"Severus?" Albus faced him. "There would be no reason to search your office—"
"No!" Fleur cut across the headmaster. "We don't know who's coming. If one of those Aurors has ties to Voldemort and goes to Severus for help, it puts everyone in a nasty spot."
"That . . . is possible." Severus's rather enormous nose flared. Most likely because he didn't like agreeing with Fleur.
But Fleur also caught his underlying message. Despite the Christmas Gala, Voldemort still had people in the Ministry and, most likely, the Auror department. So, several wizards and witches feigned their fight against the Dark Lord as Severus had done.
She realized that also meant Voldemort hadn't outed all of his Death Eaters. In fact, he'd done the opposite. Did he already know of Ron's plan? Was it possible he played along to cement his spies?
Albus leaned back in his chair, his fingers steepled before him, most likely having similar thoughts.
"Albus? Shouldn't we get going?" Septima asked.
"Perhaps so. And, as for hiding in the castle, ask your charges in Gryffindor. They have an uncanny ability to disappear when the need arises."
Fleur and Septima reached the Fat Lady a few minutes later and Fleur stepped forward to deliver the passphrase: "Miss a robin in the sun."
The picture swung to the side, spilling the voices of two Weasleys into the halls, which drowned Septima's snort at the silly phrase. Inside the common room, Ron had a knuckle-white grip on his chair as he faced Ginny.
"You don't even understand what you're talking about!"
Harry and Hermione sat on a couch between them. The tower was otherwise empty.
"I don't?" Ginny shot back. "Gwenog Jones led the Harpies to four championships in the last seven years. When was the last time your Cannon Candies won a championship?"
"They're in a rebuilding cycle. And stop calling them the candies!"
"They've been rebuilding since before we were born," Ginny said. "Face it, Harry was right! The Candies suck a dog's—"
"That's enough!" Fleur interrupted before she could finish. "What's going on here?"
Ron and Ginny both turned to her. "Were we that loud?" Ginny asked.
"Sorry," they chorused.
Ron picked up his book and settled back into his chair. His argument with his sister already forgotten.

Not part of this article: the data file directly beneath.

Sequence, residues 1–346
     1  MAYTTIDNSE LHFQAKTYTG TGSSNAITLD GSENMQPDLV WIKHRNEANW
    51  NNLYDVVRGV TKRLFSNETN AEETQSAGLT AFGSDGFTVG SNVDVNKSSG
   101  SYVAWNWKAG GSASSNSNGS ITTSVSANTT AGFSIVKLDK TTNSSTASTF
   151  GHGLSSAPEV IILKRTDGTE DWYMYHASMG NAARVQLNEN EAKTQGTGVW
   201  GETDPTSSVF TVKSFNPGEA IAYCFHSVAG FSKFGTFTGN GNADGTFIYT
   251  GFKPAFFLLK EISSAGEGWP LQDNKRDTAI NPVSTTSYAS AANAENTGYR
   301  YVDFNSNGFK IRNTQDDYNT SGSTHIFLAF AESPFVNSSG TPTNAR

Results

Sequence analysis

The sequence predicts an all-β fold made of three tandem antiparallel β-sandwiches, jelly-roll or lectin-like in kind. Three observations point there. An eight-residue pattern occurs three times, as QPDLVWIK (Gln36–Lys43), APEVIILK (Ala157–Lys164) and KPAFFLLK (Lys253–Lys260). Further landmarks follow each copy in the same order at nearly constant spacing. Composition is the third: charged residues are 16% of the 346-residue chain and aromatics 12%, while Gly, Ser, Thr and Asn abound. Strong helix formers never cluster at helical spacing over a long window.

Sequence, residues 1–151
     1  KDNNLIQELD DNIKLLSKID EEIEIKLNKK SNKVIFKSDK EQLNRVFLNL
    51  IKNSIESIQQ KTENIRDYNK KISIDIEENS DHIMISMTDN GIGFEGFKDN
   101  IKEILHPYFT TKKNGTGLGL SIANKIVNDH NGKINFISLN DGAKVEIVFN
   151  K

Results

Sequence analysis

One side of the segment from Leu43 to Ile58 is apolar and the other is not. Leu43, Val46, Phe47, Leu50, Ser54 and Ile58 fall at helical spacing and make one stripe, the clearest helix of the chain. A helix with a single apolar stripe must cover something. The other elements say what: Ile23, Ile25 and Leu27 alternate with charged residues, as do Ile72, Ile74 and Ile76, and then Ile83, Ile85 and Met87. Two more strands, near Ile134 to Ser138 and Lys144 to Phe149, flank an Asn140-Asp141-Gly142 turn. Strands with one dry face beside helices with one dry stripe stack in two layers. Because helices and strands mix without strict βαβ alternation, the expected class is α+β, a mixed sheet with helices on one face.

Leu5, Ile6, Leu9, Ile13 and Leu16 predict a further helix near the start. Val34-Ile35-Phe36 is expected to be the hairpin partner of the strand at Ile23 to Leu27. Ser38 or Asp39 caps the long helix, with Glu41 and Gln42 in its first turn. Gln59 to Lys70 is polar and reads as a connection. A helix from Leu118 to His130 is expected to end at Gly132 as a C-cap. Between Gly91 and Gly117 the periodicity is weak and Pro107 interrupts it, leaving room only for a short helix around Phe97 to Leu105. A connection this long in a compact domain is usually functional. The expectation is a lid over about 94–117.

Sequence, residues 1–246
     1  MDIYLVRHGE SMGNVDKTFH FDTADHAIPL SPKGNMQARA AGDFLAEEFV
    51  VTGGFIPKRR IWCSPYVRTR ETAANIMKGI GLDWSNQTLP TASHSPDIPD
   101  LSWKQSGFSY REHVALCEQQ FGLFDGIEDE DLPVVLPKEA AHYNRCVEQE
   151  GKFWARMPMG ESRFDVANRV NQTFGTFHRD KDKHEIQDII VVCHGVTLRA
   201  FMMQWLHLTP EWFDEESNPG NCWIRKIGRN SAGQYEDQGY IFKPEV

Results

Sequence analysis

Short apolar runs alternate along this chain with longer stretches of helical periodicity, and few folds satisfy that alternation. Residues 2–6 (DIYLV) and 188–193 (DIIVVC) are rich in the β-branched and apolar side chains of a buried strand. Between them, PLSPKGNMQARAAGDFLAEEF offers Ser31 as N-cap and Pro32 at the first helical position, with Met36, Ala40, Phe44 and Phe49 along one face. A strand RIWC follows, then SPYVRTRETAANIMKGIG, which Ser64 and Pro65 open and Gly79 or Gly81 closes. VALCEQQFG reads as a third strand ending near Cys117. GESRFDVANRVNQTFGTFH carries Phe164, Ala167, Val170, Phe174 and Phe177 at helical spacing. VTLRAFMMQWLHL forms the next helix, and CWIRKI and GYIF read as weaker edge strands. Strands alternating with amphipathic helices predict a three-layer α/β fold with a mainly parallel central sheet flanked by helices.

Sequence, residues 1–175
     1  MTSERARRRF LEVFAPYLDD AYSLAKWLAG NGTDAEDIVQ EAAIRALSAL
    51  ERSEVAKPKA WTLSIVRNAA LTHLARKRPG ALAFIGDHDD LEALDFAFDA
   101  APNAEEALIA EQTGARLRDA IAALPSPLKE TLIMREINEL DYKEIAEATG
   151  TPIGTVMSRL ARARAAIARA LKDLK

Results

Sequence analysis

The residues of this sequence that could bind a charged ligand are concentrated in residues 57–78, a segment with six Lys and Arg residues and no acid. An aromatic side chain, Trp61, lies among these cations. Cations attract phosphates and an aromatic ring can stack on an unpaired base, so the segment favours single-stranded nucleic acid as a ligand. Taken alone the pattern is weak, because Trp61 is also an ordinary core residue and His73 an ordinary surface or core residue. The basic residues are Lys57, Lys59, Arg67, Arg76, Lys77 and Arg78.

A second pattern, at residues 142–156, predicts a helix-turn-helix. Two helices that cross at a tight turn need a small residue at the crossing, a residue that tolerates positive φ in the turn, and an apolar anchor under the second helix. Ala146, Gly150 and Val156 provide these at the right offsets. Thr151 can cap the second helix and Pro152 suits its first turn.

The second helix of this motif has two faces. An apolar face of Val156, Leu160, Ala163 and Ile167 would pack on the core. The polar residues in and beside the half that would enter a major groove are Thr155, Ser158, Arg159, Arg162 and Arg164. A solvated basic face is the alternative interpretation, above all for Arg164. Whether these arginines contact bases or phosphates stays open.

Fleur groaned. The Weasleys do not give up a good fight; she learned that lesson well over the last few months. "How did you know?" she asked.
"Dad overheard at work," Ginny said. "He sent an owl to the twins who forwarded it to Professor Dumbledore."
Well, that was a round-a-bout method. "Why not send it straight to the Headmaster? Or your mother?"
"He's being watched at work," Ron answered. "At least, he thinks he is, and sending owls to the Headmaster would look suspicious. Mum already went home."
"And," Septima chimed in, "We weren't sure which Aurors were coming, so we needed a reason for me to bring you here without lying to the Ministry if they caught us. Anyway, don't you have something to ask them?"
Fleur's nosed crinkled for a moment in thought. "Oh yeah, the Headmaster suggested you might know how to disappear in the castle for a little while."
"Sure," Harry said. "Use the Room of Requirement—Ouch!"
Hermione stared at him as he rubbed his shin. "Someone should make sure the Professor is safe, don't you think?"
"Oh, yeah, I guess so." Harry pushed himself off the couch. "Hold on."
Fleur waited until he disappeared up the stairs with a slight limp. "Any idea what he's getting?"
No one answered.
She tried to catch Ron's eye, but he busied himself with a parchment that held three-quarters of a foot of writing in a tight scrawl.
Over the last few weeks, he had visited Fleur's office several times, twice turning to her rather than a bottle after a brutal nightmare. He also stopped by on occasion to discuss dueling tactics. He had a keen mind for it, too.
Harry reappeared and handed her a bundle of silvery material as soft as dove-feathers.
"That'll get you there without being seen."
She let it fall out and then slipped a hand inside, but could only see the common room carpet through the material. Never had she seen such an expensive Invisibility Cloak.
"Where did you get this?"
Those two words caused her throat to constrict like a vice. "I don't want to lose something your father gave you if I'm caught. Besides, I can't work the room."
Ron looked up from his assignment. "Harry can take you."
"No. If we're caught—"
He dropped his quill. "Don't be bloody stupid."
She leveled a glare at the youngest redheaded Weasley. "Say that again?"
He shrugged. "Don't be bloody stupid, Professor. Harry's your best chance to get there safe, and to make it so no one else can get into the room."
The words were still harsh, but they lacked the malice that used to accompany them.
"This is one of those Harry-Things," Ron continued. "And, didn't you tell me that sometimes it's okay to ask for help?"
"I don't remember saying it like that."
"Either way, he's right," Hermione said. "Harry knows these halls better than anyone else, and no one can see you in that cloak."
"Oh?" Septima raised an eyebrow. "And how does our Never-Bend-a-Rule Prefect know this?"
"I see." Amusement danced in Septima's eyes until they focused on Fleur. "I'd say do it, if Harry's willing."